They can even deduct—or more accurately depreciate—the cost of the building, and any capital improvements to it, albeit spread out over 27.5 years. Which says nothing of more advanced strategies like investing in a self-directed IRA or deferring capital gains taxes through a 1031 exchange.

A dollar saved is a dollar earned, and nowhere is that clearer than in real estate tax benefits.


You can leverage other people’s money to buy real estate.

Just as importantly, you can leverage your existing real estate to invest in new assets. Those assets could include real estate, or they could include other asset classes, a business venture, or even your living expenses if you run into a personal crisis.

Cynical people love to sling around the expression “It takes money to make money.” While largely untrue, there are times when access to capital can make all the difference in the world. By being able to borrow against real estate equity at any time, real estate investors have far greater access to capital than most.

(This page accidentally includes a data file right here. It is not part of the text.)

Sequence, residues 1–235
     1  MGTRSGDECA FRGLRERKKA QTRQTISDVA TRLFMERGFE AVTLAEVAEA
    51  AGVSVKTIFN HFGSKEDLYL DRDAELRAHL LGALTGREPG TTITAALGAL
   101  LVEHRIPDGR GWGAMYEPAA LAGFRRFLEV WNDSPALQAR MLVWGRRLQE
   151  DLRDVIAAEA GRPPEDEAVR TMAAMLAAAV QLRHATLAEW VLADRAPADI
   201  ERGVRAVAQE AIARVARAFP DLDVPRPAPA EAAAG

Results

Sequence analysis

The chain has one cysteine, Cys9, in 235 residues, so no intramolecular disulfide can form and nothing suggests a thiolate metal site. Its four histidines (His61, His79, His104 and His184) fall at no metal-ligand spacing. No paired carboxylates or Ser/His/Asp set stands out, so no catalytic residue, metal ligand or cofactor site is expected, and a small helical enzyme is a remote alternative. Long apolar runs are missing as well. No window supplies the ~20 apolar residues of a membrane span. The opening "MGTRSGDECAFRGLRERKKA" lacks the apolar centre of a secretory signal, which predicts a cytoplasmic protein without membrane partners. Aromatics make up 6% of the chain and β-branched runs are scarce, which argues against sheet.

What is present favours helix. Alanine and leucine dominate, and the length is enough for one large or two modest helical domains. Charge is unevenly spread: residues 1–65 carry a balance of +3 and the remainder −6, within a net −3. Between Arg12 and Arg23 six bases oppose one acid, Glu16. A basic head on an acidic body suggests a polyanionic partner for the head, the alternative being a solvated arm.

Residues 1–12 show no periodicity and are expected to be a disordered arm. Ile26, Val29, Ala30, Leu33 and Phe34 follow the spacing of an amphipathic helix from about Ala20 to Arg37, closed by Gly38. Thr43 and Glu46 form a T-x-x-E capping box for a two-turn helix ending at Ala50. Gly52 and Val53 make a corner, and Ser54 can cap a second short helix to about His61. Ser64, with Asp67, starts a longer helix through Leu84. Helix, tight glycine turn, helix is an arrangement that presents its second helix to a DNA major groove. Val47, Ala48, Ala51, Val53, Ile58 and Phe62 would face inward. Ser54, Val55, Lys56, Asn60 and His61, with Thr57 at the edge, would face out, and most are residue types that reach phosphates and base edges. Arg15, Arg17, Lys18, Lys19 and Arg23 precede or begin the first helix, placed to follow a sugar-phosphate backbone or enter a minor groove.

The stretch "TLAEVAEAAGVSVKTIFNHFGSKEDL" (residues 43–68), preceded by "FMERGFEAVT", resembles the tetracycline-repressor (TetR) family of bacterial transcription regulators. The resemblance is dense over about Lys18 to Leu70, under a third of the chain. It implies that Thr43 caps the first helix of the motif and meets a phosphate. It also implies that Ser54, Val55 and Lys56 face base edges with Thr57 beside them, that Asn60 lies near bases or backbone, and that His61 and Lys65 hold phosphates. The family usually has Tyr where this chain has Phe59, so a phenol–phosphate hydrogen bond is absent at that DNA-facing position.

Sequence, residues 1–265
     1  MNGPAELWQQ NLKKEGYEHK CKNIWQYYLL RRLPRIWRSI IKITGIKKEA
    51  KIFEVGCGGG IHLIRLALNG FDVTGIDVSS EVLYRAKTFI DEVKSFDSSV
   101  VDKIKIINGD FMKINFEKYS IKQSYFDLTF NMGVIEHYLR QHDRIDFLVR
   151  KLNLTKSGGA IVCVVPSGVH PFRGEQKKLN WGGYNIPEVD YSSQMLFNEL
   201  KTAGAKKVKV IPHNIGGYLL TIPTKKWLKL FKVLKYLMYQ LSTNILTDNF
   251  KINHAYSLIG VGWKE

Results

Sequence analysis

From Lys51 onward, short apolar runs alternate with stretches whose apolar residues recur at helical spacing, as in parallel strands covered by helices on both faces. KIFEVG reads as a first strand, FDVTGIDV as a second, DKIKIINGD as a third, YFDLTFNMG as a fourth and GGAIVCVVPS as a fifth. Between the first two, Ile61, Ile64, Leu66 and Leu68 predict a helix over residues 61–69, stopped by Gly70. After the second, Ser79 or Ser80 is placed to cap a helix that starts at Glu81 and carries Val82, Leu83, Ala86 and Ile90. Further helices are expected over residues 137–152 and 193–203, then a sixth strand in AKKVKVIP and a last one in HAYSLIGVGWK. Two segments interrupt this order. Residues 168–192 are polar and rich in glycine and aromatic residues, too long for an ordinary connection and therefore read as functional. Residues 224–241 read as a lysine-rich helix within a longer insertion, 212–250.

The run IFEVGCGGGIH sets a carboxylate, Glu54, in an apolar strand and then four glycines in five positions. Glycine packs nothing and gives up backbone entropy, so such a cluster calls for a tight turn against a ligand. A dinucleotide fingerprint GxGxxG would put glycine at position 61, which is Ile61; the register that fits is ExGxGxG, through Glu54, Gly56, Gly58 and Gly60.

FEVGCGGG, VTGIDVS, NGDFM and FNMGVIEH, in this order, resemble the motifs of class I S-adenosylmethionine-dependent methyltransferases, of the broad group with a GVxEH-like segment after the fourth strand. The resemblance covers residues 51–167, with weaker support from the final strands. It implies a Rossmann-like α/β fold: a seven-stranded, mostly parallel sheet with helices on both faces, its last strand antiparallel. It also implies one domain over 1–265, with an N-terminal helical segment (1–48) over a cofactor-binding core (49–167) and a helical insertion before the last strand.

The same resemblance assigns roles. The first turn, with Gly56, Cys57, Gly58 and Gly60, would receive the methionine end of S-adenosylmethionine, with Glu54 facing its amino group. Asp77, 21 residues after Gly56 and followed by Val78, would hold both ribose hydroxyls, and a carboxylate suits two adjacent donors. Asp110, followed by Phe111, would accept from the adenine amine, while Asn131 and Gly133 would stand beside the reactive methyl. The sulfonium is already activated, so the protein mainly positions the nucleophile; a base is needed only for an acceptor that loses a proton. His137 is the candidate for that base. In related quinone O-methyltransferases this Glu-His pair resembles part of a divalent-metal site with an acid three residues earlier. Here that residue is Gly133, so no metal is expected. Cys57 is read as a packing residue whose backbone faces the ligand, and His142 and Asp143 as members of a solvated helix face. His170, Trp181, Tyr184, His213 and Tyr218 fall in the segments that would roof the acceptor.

Risk Management: Hedge Against Inflation

Not only do rental properties generate ongoing passive income, but that income rises over time.

leverage wealth

Rents adjust for inflation. Or rather, they are one of the primary drivers of inflation, and often exceed the official CPI rate of inflation. Meanwhile, your monthly mortgage payments remain fixed. So the spread between your mortgage payment and your rent rises, generating ever greater cash flow over time.

In fact, that spread increases far faster than the rate at which you increase your rents. Say you buy a property that rents for $1,000, and you have a $500 mortgage payment. The year after you buy it, you raise the rent by 4% to $1,040. The spread between your mortgage payment and your rent rises from $500 to $540: a jump of 8%.

That ever-improving cash flow helps protect you against the insidious effects of inflation.